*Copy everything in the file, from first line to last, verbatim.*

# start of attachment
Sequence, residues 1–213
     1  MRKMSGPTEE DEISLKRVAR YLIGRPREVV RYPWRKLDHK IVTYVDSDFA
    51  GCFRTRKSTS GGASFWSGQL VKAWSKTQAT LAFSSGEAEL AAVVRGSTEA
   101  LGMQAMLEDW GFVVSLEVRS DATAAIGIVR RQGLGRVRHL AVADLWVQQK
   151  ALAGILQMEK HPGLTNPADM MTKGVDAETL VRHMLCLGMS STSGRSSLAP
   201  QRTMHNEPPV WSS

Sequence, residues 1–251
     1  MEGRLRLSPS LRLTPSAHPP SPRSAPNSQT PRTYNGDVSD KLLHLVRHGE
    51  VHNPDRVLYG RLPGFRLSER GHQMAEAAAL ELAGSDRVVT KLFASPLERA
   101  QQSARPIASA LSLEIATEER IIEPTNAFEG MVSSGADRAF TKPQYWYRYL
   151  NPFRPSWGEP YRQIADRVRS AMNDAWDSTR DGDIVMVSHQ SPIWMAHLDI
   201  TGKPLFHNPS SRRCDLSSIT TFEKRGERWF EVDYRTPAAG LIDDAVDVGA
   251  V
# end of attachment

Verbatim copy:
Sequence, residues 1–213
     1  MRKMSGPTEE DEISLKRVAR YLIGRPREVV RYPWRKLDHK IVTYVDSDFA
    51  GCFRTRKSTS GGASFWSGQL VKAWSKTQAT LAFSSGEAEL AAVVRGSTEA
   101  LGMQAMLEDW GFVVSLEVRS DATAAIGIVR RQGLGRVRHL AVADLWVQQK
   151  ALAGILQMEK HPGLTNPADM MTKGVDAETL VRHMLCLGMS STSGRSSLAP
   201  QRTMHNEPPV WSS

Sequence, residues 1–251
     1  MEGRLRLSPS LRLTPSAHPP SPRSAPNSQT PRTYNGDVSD KLLHLVRHGE
    51  VHNPDRVLYG RLPGFRLSER GHQMAEAAAL ELAGSDRVVT KLFASPLERA
   101  QQSARPIASA LSLEIATEER IIEPTNAFEG MVSSGADRAF TKPQYWYRYL
   151  NPFRPSWGEP YRQIADRVRS AMNDAWDSTR DGDIVMVSHQ SPIWMAHLDI
   201  TGKPLFHNPS SRRCDLSSIT TFEKRGERWF EVDYRTPAAG LIDDAVDVGA
   251  V